Firstly, the overriding principle is to share the tax revenue on the basis of respective responsibilities of the federal government and provinces under the Constitution, and secondly to devolve one of the major taxes to the provinces such as sales tax on goods.
We would see that major responsibilities of social, industrial and development sectors belong to the provinces under the Constitution, including education, health, population growth, law and order, justice, industries, water and irrigation, lands, local government, transport, environment, infrastructure (except strategic roads), etc. The federal government under the Constitution is essentially left with strategic tasks of defence, foreign policy, communications and finance (tax collection).
Had there not been regional conflict and hot borders and heavy debt trap, tax revenue could have been divided by 20-80% ratio between the federation and provinces as the federal government also has the non-tax revenue of more than Rs800 billion. This would boost development manifold but defence and debt retirement eat up more than Rs3,000 billion. The FBR is financed by at-source deduction of one per cent from the NFC. The remaining federal ministries and institutions could not require more than Rs200 billion.
Presently, when the responsibilities of the federal government stand drastically curtailed, 40-60 ratio between the federal government and provinces, respectively, would be ideal and sustainable to boost human, social and industrial development agenda in the provinces. The second alternative is to hand over sales tax on goods to provinces so that the NFC is left with one major tax of income tax and excise and customs duty. This could be done through a constitutional amendment. However, the NFC arrangement could also envisage that sales tax collected from the provinces by the FBR shall be paid back to them.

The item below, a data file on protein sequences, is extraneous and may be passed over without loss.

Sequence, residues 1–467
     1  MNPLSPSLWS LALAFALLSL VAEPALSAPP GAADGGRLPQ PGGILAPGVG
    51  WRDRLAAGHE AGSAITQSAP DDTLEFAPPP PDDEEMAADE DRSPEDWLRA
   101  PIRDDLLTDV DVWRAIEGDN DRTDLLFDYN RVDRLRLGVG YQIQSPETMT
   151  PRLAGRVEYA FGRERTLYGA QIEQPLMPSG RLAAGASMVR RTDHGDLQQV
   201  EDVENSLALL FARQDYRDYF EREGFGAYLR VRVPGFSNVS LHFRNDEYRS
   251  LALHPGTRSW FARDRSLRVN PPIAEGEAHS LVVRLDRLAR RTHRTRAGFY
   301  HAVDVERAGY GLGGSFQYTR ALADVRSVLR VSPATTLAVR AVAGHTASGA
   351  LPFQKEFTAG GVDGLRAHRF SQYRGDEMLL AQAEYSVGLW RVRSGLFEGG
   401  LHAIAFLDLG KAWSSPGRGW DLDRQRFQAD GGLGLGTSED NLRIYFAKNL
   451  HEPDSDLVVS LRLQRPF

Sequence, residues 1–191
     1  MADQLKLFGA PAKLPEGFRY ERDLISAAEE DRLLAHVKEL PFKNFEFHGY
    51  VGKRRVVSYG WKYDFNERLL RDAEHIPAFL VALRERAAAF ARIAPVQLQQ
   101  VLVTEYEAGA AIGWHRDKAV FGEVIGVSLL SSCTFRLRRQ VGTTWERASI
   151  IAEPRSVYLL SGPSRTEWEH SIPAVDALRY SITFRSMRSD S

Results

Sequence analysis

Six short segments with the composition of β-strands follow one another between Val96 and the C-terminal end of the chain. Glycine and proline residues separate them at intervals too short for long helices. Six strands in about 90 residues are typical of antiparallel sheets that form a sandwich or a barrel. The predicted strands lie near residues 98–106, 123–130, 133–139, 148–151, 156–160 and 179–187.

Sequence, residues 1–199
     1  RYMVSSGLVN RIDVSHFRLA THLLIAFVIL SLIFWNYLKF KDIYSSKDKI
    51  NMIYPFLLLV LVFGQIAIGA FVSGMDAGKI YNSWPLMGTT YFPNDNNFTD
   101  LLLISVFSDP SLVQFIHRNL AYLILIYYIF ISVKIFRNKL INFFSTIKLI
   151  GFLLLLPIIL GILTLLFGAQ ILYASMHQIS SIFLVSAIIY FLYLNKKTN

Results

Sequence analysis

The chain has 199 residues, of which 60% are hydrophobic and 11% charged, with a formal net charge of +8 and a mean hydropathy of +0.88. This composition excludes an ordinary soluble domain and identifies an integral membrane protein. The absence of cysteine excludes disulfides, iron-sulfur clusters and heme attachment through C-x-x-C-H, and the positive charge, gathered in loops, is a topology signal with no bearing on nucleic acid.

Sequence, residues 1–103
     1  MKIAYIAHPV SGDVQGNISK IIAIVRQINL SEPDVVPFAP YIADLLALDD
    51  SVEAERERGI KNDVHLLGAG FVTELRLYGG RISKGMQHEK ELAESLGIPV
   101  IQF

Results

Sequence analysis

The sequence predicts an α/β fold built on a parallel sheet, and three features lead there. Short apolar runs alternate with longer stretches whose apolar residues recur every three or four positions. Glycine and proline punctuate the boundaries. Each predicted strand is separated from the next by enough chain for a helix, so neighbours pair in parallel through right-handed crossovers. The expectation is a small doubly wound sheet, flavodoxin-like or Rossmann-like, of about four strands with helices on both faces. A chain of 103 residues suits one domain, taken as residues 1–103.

After the successful experience of provinces to collect sales tax on services (Sindh collecting now more than Rs100 billion), collection of sales tax on goods could be handed over to them in order to give them fiscal space. In this way, the federation and provinces would each have one major tax. They can redouble their efforts to enhance its collection.
Even otherwise, in federations worldwide sales tax on goods is vested in provinces. In the Government of India Act of 1935 the sales tax wholly belonged to provinces, which was taken over by the centre in 1948 and subsequently retained by it. The federal government of Pakistan could easily enhance the income tax being the direct tax by improving the enforcement mechanism under the Income tax Ordinance, 2001. It can double it within no time. The FBR has the capacity to substantially increase the present annual income tax target of Rs1,735 billion. This will give fiscal space to the provinces and would pave the way for harmonious fiscal relations between the federal government and the provinces. Furthermore, both having one major tax, the provinces will be less dependent on handouts of the federal government in order to frame their development agenda.
Published in The Express Tribune, October 3rd, 2018.